Choice Solves Chaos


By Tanya Ruckstuhl LICSW

The holiday season is upon us. I haven’t even finished shopping or inviting guests over and I’m already fatigued. I have social engagements for five out of seven evenings this week.  I’m also trying to bake a vat of coconut maple granola to give away.

Between going out for dinner with friends, dragging my kids to wholesome seasonal activities that they grudgingly tolerate, and generally attempting to trip the light fantastic, I will be sucking down a nontrivial amount of caffeine to counterbalance the exhaustion of social overstimulation.  Technically I don’t have to socialize like a Hollywood coke fiend or bring the kids to hear a sixteenth century Viennese Pianoforte, see zoo lights and visit downtown for the gingerbread house display. I want to do all these things.

A friend once told me about a little known category called an “ambivert” which is a person with equal extroverted and introverted traits.  That pretty much sums me up, as well as a lot of folks I know. On vacations, my favorite part is hanging out at the hotel room with my sweetie, a book and a cup of tea after sightseeing and before dinner.  I wouldn’t want to spend the whole day cooped up inside, but the counterbalance of explore-retreat lends adventure a cozy perfection.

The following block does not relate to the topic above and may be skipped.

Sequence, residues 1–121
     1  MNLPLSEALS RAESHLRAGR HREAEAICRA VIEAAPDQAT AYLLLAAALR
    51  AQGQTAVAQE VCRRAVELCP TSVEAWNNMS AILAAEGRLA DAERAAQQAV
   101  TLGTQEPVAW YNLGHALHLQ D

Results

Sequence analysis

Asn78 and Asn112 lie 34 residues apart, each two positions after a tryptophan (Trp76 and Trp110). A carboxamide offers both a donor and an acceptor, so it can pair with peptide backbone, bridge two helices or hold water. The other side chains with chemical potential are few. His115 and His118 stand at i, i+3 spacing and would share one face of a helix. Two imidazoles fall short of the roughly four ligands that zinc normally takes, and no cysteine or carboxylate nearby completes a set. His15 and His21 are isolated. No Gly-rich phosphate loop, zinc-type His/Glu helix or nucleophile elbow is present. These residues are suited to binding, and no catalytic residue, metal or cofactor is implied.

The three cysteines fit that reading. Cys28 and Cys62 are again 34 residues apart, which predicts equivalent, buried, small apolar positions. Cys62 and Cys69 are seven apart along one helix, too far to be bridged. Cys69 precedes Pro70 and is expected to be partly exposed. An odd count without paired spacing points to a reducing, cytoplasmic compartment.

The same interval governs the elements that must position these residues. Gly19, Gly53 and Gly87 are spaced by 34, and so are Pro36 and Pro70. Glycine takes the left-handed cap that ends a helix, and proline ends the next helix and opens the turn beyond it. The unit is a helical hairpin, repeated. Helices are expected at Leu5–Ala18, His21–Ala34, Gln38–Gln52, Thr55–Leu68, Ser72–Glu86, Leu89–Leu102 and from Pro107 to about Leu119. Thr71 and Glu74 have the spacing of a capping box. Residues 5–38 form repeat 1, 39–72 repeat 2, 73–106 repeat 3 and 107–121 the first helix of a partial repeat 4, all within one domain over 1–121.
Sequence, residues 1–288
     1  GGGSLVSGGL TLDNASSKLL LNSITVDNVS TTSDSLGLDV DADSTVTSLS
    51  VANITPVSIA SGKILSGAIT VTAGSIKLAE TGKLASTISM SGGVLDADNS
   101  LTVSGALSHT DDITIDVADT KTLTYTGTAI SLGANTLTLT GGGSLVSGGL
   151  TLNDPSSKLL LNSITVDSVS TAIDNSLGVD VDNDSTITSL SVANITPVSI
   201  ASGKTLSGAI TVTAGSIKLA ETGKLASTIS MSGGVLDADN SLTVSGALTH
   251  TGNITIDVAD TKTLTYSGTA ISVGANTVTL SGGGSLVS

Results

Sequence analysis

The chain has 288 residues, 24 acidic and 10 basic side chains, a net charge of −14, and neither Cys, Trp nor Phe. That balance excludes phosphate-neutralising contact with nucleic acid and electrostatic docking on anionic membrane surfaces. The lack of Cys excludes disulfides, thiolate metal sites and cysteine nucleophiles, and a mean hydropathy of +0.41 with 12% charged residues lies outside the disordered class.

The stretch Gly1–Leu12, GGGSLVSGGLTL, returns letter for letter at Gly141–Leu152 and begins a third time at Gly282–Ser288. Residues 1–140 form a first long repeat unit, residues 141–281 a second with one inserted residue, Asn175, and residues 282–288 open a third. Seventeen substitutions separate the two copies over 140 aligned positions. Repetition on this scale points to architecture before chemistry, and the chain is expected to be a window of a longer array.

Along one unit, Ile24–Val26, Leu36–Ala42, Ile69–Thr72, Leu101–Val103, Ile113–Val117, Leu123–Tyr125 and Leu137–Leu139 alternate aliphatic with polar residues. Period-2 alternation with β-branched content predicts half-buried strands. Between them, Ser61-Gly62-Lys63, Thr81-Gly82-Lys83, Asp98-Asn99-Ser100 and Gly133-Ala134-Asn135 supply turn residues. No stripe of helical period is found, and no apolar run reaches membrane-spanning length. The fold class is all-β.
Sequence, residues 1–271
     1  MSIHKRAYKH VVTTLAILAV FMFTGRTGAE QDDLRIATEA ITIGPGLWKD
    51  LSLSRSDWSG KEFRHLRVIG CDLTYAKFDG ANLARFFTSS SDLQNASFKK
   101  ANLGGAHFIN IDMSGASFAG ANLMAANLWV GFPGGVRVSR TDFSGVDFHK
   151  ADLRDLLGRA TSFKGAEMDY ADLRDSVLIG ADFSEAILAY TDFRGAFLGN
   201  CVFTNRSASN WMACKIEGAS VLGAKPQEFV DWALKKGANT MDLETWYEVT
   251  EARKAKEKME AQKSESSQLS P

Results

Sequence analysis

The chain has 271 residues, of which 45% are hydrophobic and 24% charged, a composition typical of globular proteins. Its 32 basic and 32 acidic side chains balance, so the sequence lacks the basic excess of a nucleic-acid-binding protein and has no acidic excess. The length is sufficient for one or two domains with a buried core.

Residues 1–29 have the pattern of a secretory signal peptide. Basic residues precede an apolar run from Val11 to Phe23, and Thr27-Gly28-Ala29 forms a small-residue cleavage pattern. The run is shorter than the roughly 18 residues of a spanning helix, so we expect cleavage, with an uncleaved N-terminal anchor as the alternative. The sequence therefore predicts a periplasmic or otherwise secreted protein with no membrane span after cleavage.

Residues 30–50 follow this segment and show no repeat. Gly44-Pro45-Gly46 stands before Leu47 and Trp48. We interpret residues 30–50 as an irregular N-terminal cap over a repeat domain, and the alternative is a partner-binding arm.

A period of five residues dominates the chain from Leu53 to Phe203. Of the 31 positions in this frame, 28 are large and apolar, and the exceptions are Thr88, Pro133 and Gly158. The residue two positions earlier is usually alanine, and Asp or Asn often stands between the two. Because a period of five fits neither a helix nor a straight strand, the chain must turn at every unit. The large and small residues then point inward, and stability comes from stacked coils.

Here I am in middle age and I still haven’t figured out the whole-life pacing thing, but I am starting to understand my need for variety and balance.  In my work as a therapist I’ve noticed that we course correct all the time. Work too much and you miss your kids. Work too little and you lose your sense of contribution. Exercise too much and you get obsessed and become rather boring company. Exercise too little and you become lethargic (and rather boring as well.)

Mental health is noticing when and where we are out of balance, and to GENTLY bringing ourselves back in alignment with our obligations, energy, and interests.  Gently means not talking meanly to ourselves, while still being honest and affirming choice. In truth, have too many plans this week, but I still have choices: I can enjoy it or just deal with it or I can cancel/reschedule/leave early. When we assert choice (I want to do all these things) we are less likely to fall into resentment, irritability or self pity.